Can versatility be a Massage Therapist’s specialty?

Teri explains her new found approach to Massage Therapy

In a recent meeting with John and Sherry Larkin, my colleagues at Colorado Injury Care, Sherry asked me one simple question, what type of massage is your specialty?  To my surprise, I could not come up with one simple answer.  I have since given much thought to why that is.  Here is what I’ve realized.

My approach to therapeutic bodywork is that of integration and versatility, utilizing all of my training as needed per client. I could say I use deep tissue massage most often, but would no longer say it is my specialty.  Utilizing my hands on training, intuition, years of experience and communicating well with each client, is essential to figuring out the right type of treatment for them.   Therefore, being versatile for each client is my focus, perhaps you could say, my specialty.

An area of specialty is usually what type of treatment you utilize most and are most passionate about in your practice.  While a year or two ago, had you asked me that same question, “What is your specialty?”, I would have without hesitation said, sports related deep tissue massage.   However, in the last few months, I have become keenly aware of how useful all of my skill sets are.  I am attracting a varied client base because of it.  While I know experts in business and marketing recommend specializing in one type of massage and marketing to that specific demographic, I shake my fists and stomp my feet at them, cause I don’t wanna!  This is for the sake of both me and my clients.

While one client may benefit the most from intense, deep tissue and trigger point work, “the hurts good” side of massage, another may be in need of a more nurturing touch.  For example, if a client was recently in a car accident, their muscles may not be ready for anything more than light soothing massage to help the muscles gently unwind.  That is why spending enough time with each client before the session, communicating with them during and following up afterwards is crucial for a positive outcome.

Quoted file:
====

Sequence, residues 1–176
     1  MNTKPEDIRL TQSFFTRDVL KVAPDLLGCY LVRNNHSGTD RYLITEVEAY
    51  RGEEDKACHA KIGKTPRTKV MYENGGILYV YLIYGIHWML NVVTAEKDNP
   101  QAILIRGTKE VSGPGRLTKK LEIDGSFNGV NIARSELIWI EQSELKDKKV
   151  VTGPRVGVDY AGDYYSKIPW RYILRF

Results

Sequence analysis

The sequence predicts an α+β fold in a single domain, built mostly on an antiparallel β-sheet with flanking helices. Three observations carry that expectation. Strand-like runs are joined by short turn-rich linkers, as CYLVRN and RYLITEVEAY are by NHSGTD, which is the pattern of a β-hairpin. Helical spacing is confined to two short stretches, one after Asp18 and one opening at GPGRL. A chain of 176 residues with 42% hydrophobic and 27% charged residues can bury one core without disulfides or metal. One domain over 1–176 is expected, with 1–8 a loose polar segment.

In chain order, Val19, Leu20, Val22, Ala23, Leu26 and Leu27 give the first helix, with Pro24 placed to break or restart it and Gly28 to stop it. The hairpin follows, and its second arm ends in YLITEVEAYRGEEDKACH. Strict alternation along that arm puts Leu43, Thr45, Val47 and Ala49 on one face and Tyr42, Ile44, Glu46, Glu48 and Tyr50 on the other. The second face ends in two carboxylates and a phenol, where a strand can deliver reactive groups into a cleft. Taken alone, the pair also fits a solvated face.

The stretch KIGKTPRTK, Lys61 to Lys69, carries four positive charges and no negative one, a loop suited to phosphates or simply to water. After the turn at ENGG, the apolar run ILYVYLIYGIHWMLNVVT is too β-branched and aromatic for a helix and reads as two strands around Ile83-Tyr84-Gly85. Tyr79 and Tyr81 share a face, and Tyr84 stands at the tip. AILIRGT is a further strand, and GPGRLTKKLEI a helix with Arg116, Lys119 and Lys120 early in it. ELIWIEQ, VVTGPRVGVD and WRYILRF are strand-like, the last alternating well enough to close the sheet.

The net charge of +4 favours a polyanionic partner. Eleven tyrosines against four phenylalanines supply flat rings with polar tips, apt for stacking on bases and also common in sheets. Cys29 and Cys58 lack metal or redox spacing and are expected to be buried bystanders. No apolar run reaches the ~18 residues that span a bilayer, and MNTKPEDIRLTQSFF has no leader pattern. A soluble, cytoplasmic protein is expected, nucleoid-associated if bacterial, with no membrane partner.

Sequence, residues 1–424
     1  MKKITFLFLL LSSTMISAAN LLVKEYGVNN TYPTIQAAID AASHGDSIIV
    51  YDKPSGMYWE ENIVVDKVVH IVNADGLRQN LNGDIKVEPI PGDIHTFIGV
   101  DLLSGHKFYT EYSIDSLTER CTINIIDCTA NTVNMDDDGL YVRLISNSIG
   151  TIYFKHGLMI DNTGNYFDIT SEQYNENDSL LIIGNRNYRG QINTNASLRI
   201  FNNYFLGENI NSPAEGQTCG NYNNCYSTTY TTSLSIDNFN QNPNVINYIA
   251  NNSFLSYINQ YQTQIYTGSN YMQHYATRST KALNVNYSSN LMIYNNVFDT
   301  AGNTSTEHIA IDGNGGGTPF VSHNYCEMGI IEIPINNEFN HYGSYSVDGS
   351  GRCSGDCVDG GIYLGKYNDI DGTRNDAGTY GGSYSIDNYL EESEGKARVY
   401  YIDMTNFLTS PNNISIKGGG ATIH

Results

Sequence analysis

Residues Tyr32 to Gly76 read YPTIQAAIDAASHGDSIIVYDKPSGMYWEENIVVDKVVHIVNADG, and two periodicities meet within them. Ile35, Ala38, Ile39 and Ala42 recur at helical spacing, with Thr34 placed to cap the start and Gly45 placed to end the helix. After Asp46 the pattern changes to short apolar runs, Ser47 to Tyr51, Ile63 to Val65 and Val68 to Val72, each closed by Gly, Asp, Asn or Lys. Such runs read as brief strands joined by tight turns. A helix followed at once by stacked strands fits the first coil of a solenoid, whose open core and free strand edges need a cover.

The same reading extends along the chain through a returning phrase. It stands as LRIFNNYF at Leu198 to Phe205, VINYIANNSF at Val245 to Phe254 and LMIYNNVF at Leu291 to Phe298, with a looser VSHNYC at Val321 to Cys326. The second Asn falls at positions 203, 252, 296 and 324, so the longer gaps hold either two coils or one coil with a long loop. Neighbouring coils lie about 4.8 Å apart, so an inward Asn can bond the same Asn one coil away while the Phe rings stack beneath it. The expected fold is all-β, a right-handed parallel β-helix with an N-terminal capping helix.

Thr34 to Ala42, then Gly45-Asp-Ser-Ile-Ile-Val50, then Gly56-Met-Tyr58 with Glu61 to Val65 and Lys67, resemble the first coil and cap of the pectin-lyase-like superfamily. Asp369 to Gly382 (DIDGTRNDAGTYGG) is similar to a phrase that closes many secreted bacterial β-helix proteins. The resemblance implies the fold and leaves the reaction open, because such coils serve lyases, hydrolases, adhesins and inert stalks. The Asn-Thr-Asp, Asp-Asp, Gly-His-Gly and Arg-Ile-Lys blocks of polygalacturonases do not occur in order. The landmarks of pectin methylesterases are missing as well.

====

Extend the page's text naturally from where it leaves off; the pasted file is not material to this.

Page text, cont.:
The last thing I want is my clients to feel bored with my work.  By tapping into the diversity of my skills, I am able to provide a different experience each time.  This keeps both myself and my clients excited and looking forward to the next session.   I am always searching for new innovations and fresh approaches to my profession in order to provide my clients with the most individualized and effective bodywork possible.  So that being said, I will say yes, versatility can make for a great specialty.

         I encourage you to experience my versatile approach to bodywork today!  Book with me online on CIC’s website or call me directly for more scheduling availability!  What kind of bodywork do you need?  Let’s find out!

In Wellness,

Teri Commans, LMT


Finding the Problem, Resolving the Pain